Tuesday, September 27, 2005

Speculation

To celebrate Nana’s anniversary, we took her to Newgrange on Sunday. OK, we took a tiny little speck of her ashes because when I finally opened the very attractive little urn-locket my mother gave me, it turned out to have a tiny sprinkle of very fine Nana powder. Given the size of the locket, I was expecting a thimble of ashes.

Newgrange, an ancient tomb 600 years older than the pyramids, is the kind of place Nana would have loved. She was fascinated with just about everything in life, but in particular with different cultures and time periods. She had a life-long love of learning and discovering, which she fed with PBS, National Geographic and the nightly news.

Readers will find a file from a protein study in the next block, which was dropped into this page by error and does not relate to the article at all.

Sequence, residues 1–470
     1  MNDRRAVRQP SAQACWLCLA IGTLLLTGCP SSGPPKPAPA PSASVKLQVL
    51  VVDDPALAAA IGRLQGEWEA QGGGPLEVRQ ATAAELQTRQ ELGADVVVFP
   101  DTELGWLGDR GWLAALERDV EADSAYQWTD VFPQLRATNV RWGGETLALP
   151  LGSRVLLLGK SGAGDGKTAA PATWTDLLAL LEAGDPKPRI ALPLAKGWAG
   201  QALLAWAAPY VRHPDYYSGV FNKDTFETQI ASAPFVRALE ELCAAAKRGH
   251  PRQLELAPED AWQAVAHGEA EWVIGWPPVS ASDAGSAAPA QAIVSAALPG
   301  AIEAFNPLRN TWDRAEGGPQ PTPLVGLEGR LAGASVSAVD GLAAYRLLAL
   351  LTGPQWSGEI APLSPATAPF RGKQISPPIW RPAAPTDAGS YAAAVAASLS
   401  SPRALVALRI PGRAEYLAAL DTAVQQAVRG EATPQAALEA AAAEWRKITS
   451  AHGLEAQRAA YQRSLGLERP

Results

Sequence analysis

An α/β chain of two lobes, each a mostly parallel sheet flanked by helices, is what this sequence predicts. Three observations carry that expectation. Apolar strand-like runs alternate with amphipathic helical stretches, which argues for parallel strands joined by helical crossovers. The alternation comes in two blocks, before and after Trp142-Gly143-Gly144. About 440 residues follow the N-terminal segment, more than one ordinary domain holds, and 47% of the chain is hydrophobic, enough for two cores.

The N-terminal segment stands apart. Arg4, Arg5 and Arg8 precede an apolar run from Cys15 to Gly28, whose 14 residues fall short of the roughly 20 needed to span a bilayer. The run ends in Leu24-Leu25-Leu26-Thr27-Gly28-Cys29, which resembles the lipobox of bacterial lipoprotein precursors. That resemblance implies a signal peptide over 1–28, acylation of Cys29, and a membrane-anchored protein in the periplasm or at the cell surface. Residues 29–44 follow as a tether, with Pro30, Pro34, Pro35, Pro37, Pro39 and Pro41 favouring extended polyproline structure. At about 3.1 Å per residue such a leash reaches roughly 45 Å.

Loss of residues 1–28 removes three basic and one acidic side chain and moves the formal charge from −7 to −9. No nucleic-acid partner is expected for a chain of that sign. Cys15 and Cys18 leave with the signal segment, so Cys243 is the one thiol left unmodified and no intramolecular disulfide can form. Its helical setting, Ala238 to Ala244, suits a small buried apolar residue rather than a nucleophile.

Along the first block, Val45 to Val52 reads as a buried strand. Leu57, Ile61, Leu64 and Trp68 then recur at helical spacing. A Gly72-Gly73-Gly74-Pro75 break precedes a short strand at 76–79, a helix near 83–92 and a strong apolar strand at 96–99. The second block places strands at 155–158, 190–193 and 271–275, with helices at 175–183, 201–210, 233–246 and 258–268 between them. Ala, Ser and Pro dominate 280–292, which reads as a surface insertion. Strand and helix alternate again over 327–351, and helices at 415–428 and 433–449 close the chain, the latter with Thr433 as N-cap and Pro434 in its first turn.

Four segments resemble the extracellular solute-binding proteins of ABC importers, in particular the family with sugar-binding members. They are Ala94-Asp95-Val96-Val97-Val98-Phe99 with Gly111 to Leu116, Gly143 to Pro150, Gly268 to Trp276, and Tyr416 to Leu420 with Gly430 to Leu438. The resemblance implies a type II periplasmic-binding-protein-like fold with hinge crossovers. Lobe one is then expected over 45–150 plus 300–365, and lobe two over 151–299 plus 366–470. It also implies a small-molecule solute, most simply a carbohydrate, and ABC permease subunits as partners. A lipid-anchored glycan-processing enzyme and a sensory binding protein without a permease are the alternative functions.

This was my third time visiting Newgrange and my second time since I moved over here in the spring. Access into the tomb is by guided tour only, but I think you could visit Newgrange every day for a week and still learn something new, especially if you had a different tour guide each time.

This is what we know about Newgrange for certain:
  • It’s big, but only a small section of it is actually used for the passage tomb.
  • It is made out of a lot of rocks, most of which came from a fair distance from the site. The largest rocks, the kerbstones, came from 15 km away and weigh between one and ten tonnes.
  • The roof of the inner chamber consists of a corbelled ceiling that was built with huge slabs of rocks with small rocks filling the gaps. The roof has stood intact, without leaking, for 5,000 years.
  • The light box about the entrance is constructed in such a way so that on the 5 days around the winter solstice, the light from the morning sun enters the passage and bathes the inner chamber in warm winter sunlight.
  • The Stone Age people who built Newgrange didn’t even have the wheel yet, but they were still able to complete a complicated, labour-intensive monument.